Any list of “best” .22 rifles that doesn’t include the Winchester 52 or Remington 37 just exhibits profound ignorance. But you see these sorts of lists all over the Interwebs, spreading nonsense everywhere you look, with not a mention of these two rifles. Alright, so some of these youngsters might start saying “OK, Boomer.” Well, I don’t see mention of the Remington 40-X either, no mention of modern Anschuetz offerings. No mention of Cooper’s fine .22 offerings. I’d give these youngsters a pass if they listed either a Winchester 75, or Remington 541, but they won’t even recognize these. They won’t mention the Winchester 72, with results seen above. They keep using that word “best” – but I don’t think it means what they think it means.

    But they’ll list .22’s in AR drag – none of which will do what the “bargain” rifle above did. But I suppose you can hang tactical lights and a chainsaw bayonet off the .22 in AR drag, and that seems important to youngsters today. Putting rounds on target? Not as important.

    And as for the groups above: It would be interesting to take some rim thickness measurements between the different varieties of ammo. My experience is that when a .22 rifle finds the “right” ammo, it groups very well. Finding that ammo can be a chore. It is true even in my modern Anschuetz rifle. When I find that ammo, I buy a couple of cases of ammo, and I’m set for a couple years of shooting.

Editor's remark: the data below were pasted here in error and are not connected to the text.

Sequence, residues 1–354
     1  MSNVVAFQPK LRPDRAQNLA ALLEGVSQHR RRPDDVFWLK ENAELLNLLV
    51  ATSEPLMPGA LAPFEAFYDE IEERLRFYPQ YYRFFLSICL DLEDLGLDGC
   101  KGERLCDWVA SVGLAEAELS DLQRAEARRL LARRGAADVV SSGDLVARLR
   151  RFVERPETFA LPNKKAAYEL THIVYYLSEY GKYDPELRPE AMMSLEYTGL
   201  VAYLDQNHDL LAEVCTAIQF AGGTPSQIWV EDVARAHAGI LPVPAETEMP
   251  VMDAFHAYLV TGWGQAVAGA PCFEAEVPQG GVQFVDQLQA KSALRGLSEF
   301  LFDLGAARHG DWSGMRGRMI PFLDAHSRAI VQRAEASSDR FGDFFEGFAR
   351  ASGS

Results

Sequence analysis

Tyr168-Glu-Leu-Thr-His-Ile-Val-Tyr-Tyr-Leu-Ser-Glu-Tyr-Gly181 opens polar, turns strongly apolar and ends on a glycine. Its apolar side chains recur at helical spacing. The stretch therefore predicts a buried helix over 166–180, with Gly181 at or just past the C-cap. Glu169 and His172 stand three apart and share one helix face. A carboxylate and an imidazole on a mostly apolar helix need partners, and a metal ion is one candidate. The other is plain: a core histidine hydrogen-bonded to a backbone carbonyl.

• I have a ten year old CZ-452. It’ll shoot 1.5 inch 10 round groups at 50m with most any inexpensive hunting ammo. With match ammo it’ll shoot single hole groups. It’s a hunting rifle, not a target gun so it’s fit for my purpose.

  2. I have a Winchester model 72 from my fathers estate, that nobody wanted, that dirty old rifle with a rag stuffed in the barrel. I said “I’ll take it.” I thought with the name Winchester, it can’t be all bad. Got home and cleaned it up carefully, and lo and behold, the bore was pristine. Hmmm, I said. With nicks and scratches in the stock, of no consequence, the bolt and trigger were solid and precise. Hmmm I said again. When I got to the range I was shocked! I didn’t screw around, just went out to the 100 yard range and put it on the bench. This sucker is a tack driver – you know, a gun that can shoot better than you can. Haven’t measured MOA yet, probably won’t. I can hit a target at 100 yds. Next project is good iron sights. Lots of good guns have very poor sights, this one is no different. My goal now is get sights and donate the old Model 72 to my grand son’s high school rifle team; I know he will be well armed.